rxn gibbs free energy






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705121606
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Joined: Wed Sep 18, 2019 12:17 am

rxn gibbs free energy

Postby 705121606 » Wed Feb 19, 2020 1:02 am

How is the reaction gibbs free energy (calculated using delta g= -rtlnk = rtlnQ) different from the gibbs free energy we calculated last week?
And can someone explain why it would form products when positive and reactants when negative? Is it also spontaneous only if it is positive?

Justin Sarquiz 2F
Posts: 106
Joined: Fri Aug 30, 2019 12:15 am

Re: rxn gibbs free energy

Postby Justin Sarquiz 2F » Wed Feb 19, 2020 8:23 am

When delta G is negative, the reaction is spontaneous, so it forms products because the reaction proceeds normally. When delta G is positive, the reaction is not spontaneous, so it forms reactants since the reaction does not proceed without an input of energy.

Tai Metzger 3K
Posts: 103
Joined: Sat Aug 24, 2019 12:17 am

Re: rxn gibbs free energy

Postby Tai Metzger 3K » Wed Feb 19, 2020 12:07 pm

When Q is greater than 1, delta G is positive and thus the rxn is not spontaneous in that direction. When Q is less than 1, delta G is negative and thus the rxn is spontaneous in that direction.

Viviana Velasquez
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Joined: Sat Jul 20, 2019 12:15 am

Re: rxn gibbs free energy

Postby Viviana Velasquez » Wed Feb 19, 2020 12:13 pm

For a reaction to be spontaneous, delta G has to be negative. When delta G is negative, it means the forward reaction is favored and products are formed. When delta G is positive, the opposite happens and reactants are formed.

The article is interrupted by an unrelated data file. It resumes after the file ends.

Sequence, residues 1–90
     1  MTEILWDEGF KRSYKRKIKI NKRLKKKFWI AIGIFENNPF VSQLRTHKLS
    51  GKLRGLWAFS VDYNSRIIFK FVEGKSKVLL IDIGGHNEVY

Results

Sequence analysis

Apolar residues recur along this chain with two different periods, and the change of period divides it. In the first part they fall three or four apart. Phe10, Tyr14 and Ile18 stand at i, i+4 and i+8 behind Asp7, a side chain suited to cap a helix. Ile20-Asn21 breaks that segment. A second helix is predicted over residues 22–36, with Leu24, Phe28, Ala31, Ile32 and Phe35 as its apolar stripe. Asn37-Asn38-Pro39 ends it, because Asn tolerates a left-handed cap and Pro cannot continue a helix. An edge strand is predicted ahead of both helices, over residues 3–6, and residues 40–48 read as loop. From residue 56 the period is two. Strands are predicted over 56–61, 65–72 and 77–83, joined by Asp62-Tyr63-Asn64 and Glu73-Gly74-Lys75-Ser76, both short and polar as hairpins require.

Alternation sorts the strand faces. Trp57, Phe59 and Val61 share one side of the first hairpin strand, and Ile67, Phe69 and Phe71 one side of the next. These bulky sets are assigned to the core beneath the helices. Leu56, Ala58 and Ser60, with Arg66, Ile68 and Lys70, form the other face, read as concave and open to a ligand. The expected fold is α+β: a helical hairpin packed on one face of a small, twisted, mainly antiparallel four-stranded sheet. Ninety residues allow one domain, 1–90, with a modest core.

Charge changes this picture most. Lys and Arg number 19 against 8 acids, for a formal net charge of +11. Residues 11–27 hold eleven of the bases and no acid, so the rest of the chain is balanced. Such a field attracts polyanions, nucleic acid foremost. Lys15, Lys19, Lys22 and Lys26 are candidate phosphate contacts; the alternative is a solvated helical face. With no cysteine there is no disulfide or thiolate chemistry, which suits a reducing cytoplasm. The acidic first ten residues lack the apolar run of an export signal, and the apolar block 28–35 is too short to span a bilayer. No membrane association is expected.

Brianna Becerra 1B
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Joined: Fri Aug 02, 2019 12:16 am

Re: rxn gibbs free energy

Postby Brianna Becerra 1B » Wed Feb 19, 2020 12:17 pm

The delta G calculated last week is delta G naught or the change in Gibb's Free Energy under standard conditions. We were first taught to calculate this using Delta H naught - T x Delta S naught. This week, we learned how to calculate the same change in Gibbs Free Energy under standard conditions through Delta G naught = - RTlnK. We also learned how to calculate the change in Gibbs free energy through: Delta G = Delta G naught + RTlnQ. It is important to note that delta G and delta G naught are different causing their calculations to vary as well.

Brandon Valafar
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Re: rxn gibbs free energy

Postby Brandon Valafar » Wed Feb 19, 2020 2:37 pm

Delta G has to be negative for a reaction to be spontaneous. Therefore, when delta G is negative, it means products are formed. When delta G is positive the reaction is not spontaneous and reactants are formed.


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